Transmembrane protein CD9 is glioblastoma biomarker, relevant for maintenance of glioblastoma stem cells
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Neža Podergajs1, Helena Motaln1, Uroš Rajčević2, Urška Verbovšek1, Marjan Koršič3, Nina Obad4, Heidi Espedal4, Miloš Vittori1, Christel Herold-Mende5, Hrvoje Miletic4, Rolf Bjerkvig4,6, Tamara Lah Turnšek1,7
1Department of Genetic Toxicology and Cancer Biology, National Institute of Biology, 1000 Ljubljana, Slovenia
2Department of Biochemistry, Blood Transfusion Centre of Slovenia, 1000 Ljubljana, Slovenia
3Department of Neurosurgery, University Medical Centre, University of Ljubljana, 1000 Ljubljana, Slovenia
4Department of Biomedicine, University of Bergen, 5009 Bergen, Norway
5Division of Neurosurgical Research, Department of Neurosurgery, University of Heidelberg, 69120 Heidelberg, Germany
6NorLux Neuro-Oncology Laboratory, Centre de Recherche Public de la Santé, 1526 Luxembourg, Luxembourg
7Department of Biochemistry, Faculty of Chemistry and Chemical Engineering, University of Ljubljana, 1000 Ljubljana, Slovenia
Tamara Lah Turnšek, e-mail: [email protected]
Keywords: biomarker, CD9, glioblastoma stem cells, neural stem cells, tetraspanin
Received: May 02, 2015 Accepted: October 31, 2015 Published: November 11, 2015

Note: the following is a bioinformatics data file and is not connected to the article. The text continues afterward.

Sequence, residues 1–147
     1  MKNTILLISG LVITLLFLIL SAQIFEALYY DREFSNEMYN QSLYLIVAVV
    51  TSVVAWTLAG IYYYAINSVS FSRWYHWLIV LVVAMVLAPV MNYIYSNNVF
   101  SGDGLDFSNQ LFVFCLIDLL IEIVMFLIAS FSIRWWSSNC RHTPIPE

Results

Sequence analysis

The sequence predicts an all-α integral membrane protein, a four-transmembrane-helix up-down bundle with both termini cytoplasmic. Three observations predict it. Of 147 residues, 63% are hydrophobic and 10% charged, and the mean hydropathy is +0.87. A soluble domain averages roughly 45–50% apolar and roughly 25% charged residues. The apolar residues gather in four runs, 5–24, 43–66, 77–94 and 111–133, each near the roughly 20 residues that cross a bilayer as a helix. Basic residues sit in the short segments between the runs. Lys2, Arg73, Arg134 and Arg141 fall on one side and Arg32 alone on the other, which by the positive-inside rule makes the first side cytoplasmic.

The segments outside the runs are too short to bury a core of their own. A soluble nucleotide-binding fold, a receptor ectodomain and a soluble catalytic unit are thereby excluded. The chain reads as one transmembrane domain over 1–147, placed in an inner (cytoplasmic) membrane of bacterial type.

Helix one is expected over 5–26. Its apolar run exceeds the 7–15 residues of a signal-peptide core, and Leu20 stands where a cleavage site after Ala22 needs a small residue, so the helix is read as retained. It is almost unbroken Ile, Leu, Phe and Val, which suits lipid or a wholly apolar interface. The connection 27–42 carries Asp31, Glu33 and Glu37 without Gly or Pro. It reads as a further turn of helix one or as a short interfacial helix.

The cancer stem cell model suggests that glioblastomas contain a subpopulation of stem-like tumor cells that reproduce themselves to sustain tumor growth. Targeting these cells thus represents a novel treatment strategy and therefore more specific markers that characterize glioblastoma stem cells need to be identified. In the present study, we performed transcriptomic analysis of glioblastoma tissues compared to normal brain tissues revealing sensible up-regulation of CD9 gene. CD9 encodes the transmembrane protein tetraspanin which is involved in tumor cell invasion, apoptosis and resistance to chemotherapy. Using the public REMBRANDT database for brain tumors, we confirmed the prognostic value of CD9, whereby a more than two fold up-regulation correlates with shorter patient survival. We validated CD9 gene and protein expression showing selective up-regulation in glioblastoma stem cells isolated from primary biopsies and in primary organotypic glioblastoma spheroids as well as in U87-MG and U373 glioblastoma cell lines. In contrast, no or low CD9 gene expression was observed in normal human astrocytes, normal brain tissue and neural stem cells. CD9 silencing in three CD133+ glioblastoma cell lines (NCH644, NCH421k and NCH660h) led to decreased cell proliferation, survival, invasion, and self-renewal ability, and altered expression of the stem-cell markers CD133, nestin and SOX2. Moreover, CD9-silenced glioblastoma stem cells showed altered activation patterns of the Akt, MapK and Stat3 signaling transducers. Orthotopic xenotransplantation of CD9-silenced glioblastoma stem cells into nude rats promoted prolonged survival. Therefore, CD9 should be further evaluated as a target for glioblastoma treatment.
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